BC Coast #4Posted: August 13, 2014
It wasn’t all about the fishing, either. In fact, as fantastic as the fishing was, it was really just a small part of the whole experience. There were trips ashore to explore pristine beaches and pick berries in places without any visible evidence of human beings. A visit to the whale research station, where we listened to humpback whales talking through hydrophones. Huge, memorable meals made from the day’s harvest and the long stretches of time when we could just sit and read and talk as the scenery unspooled around us.
One afternoon, as we cruised along at our usual seven knot speed, a small pod of Dall’s porpoises spotted (or heard) us and came all the way across the channel to investigate. As the kids leaned over the bow to watch them leap and spin and weave back and forth, the porpoises would slow to match our speed, then swim on their sides to peer up and make eye contact. I’m not kidding. As strange as it sounds, there were moments of, maybe not exactly communication, but clearly some kind of real contact taking place.
Skyla and I spent a great afternoon snorkeling an inlet where a small river met the sea, and pink and sockeye salmon were stacking up before moving upstream. The fresh and salt water, both crystal clear, somehow stayed separate, swirling around like oil and water, creating an ethereal, dreamy view of the underwater world.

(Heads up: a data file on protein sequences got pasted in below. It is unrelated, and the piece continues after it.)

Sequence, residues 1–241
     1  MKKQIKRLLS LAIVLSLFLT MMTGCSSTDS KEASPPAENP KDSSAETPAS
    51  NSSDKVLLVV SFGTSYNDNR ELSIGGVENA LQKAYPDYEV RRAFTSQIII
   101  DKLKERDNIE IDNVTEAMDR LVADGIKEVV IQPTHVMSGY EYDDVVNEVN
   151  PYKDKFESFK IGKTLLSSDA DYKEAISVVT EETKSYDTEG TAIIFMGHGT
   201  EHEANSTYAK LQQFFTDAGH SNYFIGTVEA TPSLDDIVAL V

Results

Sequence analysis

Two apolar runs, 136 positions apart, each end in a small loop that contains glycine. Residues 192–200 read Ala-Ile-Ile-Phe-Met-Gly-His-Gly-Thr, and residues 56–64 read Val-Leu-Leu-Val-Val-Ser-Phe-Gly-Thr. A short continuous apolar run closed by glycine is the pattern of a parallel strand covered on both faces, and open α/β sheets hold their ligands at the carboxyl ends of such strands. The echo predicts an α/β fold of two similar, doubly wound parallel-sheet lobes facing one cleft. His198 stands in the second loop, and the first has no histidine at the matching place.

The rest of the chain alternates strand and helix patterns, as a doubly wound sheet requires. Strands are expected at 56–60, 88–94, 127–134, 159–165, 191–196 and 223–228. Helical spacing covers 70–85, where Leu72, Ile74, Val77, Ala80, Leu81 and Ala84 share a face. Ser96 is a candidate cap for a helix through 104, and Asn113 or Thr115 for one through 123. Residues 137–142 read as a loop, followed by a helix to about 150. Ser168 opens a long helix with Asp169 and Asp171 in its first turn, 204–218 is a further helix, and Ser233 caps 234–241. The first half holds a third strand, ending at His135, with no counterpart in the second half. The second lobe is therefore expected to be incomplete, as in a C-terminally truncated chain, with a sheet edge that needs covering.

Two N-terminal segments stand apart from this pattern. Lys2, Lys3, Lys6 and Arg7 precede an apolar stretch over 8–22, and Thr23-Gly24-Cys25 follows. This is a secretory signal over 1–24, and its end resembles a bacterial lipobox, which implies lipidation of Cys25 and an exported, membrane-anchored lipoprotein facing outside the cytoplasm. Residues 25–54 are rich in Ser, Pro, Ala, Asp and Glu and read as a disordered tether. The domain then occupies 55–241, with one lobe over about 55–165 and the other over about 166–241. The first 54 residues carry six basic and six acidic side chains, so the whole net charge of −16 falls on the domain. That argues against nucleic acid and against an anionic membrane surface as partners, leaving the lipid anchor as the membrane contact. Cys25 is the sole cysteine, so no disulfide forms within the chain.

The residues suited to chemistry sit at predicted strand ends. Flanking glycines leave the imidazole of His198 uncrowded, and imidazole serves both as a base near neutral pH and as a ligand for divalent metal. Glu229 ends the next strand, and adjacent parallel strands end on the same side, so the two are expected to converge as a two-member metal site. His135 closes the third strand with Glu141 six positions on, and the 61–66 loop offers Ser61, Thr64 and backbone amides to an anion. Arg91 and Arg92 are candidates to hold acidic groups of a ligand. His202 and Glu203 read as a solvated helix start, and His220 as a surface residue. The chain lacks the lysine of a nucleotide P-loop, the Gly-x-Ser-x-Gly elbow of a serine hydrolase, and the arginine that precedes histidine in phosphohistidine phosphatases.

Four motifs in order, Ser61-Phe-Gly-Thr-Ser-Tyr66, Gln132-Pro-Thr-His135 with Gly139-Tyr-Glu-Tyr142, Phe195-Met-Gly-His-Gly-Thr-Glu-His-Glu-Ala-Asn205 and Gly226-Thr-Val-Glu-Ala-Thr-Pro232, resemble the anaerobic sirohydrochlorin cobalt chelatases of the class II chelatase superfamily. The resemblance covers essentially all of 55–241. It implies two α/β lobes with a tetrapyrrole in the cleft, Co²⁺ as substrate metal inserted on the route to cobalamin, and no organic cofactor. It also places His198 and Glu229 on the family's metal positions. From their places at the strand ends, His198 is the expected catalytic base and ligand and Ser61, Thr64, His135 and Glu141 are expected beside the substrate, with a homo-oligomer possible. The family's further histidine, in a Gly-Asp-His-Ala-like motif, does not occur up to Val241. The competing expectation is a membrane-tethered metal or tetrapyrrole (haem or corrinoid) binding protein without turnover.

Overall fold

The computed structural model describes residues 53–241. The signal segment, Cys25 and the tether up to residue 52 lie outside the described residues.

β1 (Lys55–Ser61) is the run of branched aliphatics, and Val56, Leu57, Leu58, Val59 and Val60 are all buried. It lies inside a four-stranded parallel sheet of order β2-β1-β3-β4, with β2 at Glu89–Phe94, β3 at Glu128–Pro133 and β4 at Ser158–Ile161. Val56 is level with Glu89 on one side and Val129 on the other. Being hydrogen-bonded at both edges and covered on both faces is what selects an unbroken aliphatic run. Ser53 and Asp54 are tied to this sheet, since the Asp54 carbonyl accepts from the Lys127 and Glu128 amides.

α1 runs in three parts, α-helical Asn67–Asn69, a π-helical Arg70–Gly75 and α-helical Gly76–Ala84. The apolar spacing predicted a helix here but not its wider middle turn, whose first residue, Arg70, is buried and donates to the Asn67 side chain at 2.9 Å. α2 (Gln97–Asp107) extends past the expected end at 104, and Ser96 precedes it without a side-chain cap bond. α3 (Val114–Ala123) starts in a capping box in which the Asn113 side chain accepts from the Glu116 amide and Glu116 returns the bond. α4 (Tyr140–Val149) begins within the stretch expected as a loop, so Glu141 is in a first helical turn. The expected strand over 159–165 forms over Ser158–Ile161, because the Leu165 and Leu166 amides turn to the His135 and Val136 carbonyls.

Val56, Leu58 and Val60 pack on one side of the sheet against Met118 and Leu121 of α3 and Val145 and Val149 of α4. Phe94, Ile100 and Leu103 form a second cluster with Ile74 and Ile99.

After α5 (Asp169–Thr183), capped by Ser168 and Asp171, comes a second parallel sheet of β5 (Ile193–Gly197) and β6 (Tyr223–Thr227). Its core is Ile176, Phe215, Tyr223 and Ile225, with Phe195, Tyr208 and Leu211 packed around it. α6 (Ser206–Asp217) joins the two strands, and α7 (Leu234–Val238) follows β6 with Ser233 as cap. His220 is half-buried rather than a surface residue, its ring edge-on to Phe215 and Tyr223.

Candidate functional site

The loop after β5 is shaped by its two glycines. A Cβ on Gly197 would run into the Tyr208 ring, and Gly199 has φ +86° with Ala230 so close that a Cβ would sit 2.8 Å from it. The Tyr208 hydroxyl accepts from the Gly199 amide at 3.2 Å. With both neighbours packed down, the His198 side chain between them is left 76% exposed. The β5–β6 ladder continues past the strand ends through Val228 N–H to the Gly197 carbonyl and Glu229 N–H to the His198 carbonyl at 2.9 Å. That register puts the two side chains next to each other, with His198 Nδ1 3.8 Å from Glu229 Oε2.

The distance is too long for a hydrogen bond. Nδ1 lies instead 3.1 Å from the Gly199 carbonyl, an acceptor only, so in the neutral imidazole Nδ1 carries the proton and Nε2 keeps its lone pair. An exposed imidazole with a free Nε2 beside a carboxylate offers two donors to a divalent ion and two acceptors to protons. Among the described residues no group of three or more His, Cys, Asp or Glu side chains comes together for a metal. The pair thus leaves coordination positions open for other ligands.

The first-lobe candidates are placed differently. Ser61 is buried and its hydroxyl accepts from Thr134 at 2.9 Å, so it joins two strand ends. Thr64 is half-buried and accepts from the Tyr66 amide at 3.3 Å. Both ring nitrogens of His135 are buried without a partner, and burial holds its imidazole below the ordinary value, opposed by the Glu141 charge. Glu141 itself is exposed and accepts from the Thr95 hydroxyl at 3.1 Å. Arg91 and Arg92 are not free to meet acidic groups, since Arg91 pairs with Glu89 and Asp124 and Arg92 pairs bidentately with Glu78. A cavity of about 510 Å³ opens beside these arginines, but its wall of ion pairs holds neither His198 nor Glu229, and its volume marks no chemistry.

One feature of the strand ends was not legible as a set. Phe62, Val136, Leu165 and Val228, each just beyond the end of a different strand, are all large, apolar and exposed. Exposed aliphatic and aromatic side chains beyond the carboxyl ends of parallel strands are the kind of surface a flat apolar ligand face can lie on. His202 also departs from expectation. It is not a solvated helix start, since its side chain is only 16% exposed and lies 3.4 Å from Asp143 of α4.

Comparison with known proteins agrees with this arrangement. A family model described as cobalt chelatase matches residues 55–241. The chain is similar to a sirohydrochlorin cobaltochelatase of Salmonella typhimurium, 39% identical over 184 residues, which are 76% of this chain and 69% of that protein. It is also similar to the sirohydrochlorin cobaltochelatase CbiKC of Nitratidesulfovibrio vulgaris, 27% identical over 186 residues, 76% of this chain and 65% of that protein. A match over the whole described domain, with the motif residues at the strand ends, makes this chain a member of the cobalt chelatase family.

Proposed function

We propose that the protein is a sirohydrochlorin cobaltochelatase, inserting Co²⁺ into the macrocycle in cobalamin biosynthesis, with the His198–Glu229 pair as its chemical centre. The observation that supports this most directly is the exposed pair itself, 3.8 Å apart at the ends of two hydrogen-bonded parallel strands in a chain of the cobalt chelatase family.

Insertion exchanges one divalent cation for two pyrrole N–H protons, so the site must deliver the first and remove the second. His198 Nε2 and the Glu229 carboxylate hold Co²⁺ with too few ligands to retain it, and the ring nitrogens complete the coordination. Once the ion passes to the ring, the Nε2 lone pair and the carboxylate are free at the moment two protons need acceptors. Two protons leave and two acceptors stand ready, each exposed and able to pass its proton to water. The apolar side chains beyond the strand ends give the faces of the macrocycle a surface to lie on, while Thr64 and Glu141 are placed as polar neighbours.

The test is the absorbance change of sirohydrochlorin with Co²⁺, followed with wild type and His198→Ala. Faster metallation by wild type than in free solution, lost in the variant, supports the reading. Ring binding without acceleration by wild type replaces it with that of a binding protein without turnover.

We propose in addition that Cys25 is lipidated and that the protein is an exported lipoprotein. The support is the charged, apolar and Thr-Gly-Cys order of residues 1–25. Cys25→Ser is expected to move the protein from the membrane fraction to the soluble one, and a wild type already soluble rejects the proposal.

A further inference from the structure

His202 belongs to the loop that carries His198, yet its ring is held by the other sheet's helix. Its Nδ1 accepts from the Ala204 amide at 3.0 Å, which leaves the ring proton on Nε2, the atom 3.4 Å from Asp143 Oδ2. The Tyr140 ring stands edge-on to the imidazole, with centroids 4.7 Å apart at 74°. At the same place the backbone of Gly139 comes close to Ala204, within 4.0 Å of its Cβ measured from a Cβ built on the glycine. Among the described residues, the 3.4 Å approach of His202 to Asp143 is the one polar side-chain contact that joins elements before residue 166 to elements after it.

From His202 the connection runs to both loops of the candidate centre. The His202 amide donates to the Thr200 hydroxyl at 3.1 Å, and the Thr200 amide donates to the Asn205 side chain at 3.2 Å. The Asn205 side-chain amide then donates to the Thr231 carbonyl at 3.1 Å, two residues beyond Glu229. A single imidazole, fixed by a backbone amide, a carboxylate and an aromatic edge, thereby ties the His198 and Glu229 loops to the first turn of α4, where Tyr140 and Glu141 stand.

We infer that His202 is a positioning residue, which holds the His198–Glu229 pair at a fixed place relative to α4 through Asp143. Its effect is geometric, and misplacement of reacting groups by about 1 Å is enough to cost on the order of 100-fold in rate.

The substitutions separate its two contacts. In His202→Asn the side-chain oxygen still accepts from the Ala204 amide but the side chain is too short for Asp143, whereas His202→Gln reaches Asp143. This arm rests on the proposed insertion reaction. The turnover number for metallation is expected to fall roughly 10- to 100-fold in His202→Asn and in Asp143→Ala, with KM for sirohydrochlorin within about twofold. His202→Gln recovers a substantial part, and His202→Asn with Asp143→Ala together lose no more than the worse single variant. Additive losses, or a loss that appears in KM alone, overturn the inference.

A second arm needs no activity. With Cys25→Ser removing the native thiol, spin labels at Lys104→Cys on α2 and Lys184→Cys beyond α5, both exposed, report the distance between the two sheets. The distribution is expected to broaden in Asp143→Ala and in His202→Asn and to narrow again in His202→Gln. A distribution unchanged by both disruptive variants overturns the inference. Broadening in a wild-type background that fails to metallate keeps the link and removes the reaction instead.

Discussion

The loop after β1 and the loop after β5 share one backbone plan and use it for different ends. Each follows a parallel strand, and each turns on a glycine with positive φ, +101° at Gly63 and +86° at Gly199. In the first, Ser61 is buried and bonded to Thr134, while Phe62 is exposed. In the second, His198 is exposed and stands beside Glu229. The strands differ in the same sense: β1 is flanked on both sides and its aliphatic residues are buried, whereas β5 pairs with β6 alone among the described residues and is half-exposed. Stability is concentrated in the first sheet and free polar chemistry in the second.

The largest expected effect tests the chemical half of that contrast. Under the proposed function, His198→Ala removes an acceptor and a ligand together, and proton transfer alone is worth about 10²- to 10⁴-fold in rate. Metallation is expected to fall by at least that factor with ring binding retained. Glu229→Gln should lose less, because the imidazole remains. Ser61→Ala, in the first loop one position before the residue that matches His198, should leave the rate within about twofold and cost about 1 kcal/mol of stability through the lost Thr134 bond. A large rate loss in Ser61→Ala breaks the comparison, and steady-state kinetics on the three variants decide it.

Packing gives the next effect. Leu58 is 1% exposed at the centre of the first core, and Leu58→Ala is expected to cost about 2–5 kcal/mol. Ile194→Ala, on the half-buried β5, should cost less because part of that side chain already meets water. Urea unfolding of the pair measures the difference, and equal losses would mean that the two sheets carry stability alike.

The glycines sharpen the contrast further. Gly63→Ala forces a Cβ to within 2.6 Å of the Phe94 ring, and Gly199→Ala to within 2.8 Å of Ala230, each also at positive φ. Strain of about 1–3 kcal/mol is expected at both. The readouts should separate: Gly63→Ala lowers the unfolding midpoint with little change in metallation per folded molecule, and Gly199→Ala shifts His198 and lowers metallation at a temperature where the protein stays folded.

But most important, I think, is that the kids and I had time to simply hang out and share the experience. We made memories–images, stories and feelings that will last a lifetime. And it was important to me, also, for Skyla and Weston to soak up the wisdom of my good friends and mentors–Bruce, Gerald and Steve–who’ve had such an impact on my life. I doubt any of us will forget sitting on the back of the boat in pitch black night, with a spooky fog rising from the water, as Gerald told bigfoot stories that had the kids (and me) literally on the edge of our seats. That’s something we’ll remember for a long, long time.